There is an expectation that women won’t make the same EQ blunders many men have. Mayer, who juggled her new parent status by building an office nursery, didn’t factor into Yahoo’s strategy and communication what the impact might be for employees who were also parents when she ended telecommuting; media had a field day with anonymous employee reactions.

Given the last several years of ongoing cuts in newsrooms, journalists still standing — perhaps even more especially those at the venerable New York Times — may feel demoralized. Not to operate with a heightened awareness of one’s impact on others invites criticism. One of the anonymous New York Times’ employees complained about Abramson: “There are days when she acts like she just doesn’t care.”

Sandberg photo.pdf Facebook COO Sheryl Sandberg reinforces in Lean In (her book about empowering the next generation of women leaders) that  “success and likeability are positively correlated for men and negatively for women.” She cites a Harvard Business School case study of an entrepreneur who got negative reactions when the name Howard was changed to Heidi. Qualities that weren’t an issue for Howard became “not the kind of person you would want to hire or work for” when the gender was Heidi.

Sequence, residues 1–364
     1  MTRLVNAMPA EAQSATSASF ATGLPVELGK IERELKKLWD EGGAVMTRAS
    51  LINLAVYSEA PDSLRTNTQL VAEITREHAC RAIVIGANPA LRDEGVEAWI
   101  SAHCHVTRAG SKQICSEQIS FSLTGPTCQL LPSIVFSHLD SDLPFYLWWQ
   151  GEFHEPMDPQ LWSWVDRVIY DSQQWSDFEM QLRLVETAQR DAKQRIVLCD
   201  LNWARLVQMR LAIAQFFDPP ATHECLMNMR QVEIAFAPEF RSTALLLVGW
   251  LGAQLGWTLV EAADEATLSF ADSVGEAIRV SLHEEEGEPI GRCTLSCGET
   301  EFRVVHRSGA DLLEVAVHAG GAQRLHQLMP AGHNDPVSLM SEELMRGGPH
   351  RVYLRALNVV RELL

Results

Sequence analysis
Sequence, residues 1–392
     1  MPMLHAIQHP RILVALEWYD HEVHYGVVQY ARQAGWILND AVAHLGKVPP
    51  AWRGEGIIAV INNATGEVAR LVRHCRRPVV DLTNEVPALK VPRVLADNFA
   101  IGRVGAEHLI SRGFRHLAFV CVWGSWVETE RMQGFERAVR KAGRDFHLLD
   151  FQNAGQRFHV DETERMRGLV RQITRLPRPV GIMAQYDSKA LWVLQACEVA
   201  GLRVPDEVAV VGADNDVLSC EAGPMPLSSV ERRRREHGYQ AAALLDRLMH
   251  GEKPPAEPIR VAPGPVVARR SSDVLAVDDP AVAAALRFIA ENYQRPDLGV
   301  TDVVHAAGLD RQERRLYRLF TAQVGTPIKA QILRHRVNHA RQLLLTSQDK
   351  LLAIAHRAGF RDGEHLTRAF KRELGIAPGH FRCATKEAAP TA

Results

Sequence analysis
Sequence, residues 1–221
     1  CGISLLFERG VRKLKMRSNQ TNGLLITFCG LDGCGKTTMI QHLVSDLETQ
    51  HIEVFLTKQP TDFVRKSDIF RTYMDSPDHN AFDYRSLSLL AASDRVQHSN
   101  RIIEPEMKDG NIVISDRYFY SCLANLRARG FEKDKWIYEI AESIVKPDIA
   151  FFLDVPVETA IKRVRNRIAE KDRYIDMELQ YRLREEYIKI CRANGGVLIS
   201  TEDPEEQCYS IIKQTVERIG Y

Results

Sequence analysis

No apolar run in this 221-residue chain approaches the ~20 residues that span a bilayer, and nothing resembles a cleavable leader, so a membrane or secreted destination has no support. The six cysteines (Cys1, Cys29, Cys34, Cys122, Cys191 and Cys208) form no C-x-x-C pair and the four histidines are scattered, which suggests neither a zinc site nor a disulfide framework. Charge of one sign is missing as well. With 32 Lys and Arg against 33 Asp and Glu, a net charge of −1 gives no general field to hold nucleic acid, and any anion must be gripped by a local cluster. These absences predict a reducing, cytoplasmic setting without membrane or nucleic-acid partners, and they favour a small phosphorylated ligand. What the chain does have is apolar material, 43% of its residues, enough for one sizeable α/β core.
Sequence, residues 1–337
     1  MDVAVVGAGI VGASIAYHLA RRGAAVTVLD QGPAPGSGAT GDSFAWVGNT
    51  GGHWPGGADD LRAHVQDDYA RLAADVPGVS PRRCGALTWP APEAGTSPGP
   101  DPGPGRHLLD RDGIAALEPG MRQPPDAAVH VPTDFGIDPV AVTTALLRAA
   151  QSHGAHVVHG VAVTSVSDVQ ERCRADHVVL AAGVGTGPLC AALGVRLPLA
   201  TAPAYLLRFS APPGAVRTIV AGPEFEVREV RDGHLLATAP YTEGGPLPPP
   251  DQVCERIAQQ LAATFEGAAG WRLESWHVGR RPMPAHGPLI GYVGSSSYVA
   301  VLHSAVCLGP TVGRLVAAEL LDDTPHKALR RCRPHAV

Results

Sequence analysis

Further proof of the challenges facing successful women is evident in the controversy over Sandberg’s book,  several women reviewers indicated her wealth and status made her out-of-touch with ordinary career women. Leadership books written by men of status and wealth haven’t received similar critiques.

We don’t have yet an objective way of appraising women leaders — both accomplishments and criticisms can lend themselves too quickly to hyperbole. As things sort themselves out, one of the safety nets is to pay attention to red flags and address them. Abramson has been tagged (fairly or unfairly) with having a style attributed to many male leaders who’ve not been called on it publicly.

Expecting more from women leaders is about our giving and asking for more from everyone involved in service of creating highly productive workplaces that build trust and engagement.